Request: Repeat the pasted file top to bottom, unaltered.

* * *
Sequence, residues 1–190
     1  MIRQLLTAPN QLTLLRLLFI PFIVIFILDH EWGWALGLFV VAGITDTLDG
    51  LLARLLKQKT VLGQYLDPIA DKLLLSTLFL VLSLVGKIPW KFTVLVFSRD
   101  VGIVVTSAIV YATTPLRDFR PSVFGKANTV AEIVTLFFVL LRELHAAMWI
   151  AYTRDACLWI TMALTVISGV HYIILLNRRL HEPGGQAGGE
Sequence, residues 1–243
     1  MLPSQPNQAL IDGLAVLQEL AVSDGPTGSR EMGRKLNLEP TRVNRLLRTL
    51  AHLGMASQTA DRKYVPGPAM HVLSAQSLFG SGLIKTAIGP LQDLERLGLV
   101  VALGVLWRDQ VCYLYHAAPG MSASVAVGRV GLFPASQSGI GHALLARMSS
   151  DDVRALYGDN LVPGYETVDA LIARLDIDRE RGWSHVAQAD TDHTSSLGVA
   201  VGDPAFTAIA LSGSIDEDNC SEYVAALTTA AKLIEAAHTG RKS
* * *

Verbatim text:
Sequence, residues 1–190
     1  MIRQLLTAPN QLTLLRLLFI PFIVIFILDH EWGWALGLFV VAGITDTLDG
    51  LLARLLKQKT VLGQYLDPIA DKLLLSTLFL VLSLVGKIPW KFTVLVFSRD
   101  VGIVVTSAIV YATTPLRDFR PSVFGKANTV AEIVTLFFVL LRELHAAMWI
   151  AYTRDACLWI TMALTVISGV HYIILLNRRL HEPGGQAGGE
Sequence, residues 1–243
     1  MLPSQPNQAL IDGLAVLQEL AVSDGPTGSR EMGRKLNLEP TRVNRLLRTL
    51  AHLGMASQTA DRKYVPGPAM HVLSAQSLFG SGLIKTAIGP LQDLERLGLV
   101  VALGVLWRDQ VCYLYHAAPG MSASVAVGRV GLFPASQSGI GHALLARMSS
   151  DDVRALYGDN LVPGYETVDA LIARLDIDRE RGWSHVAQAD TDHTSSLGVA
   201  VGDPAFTAIA LSGSIDEDNC SEYVAALTTA AKLIEAAHTG RKS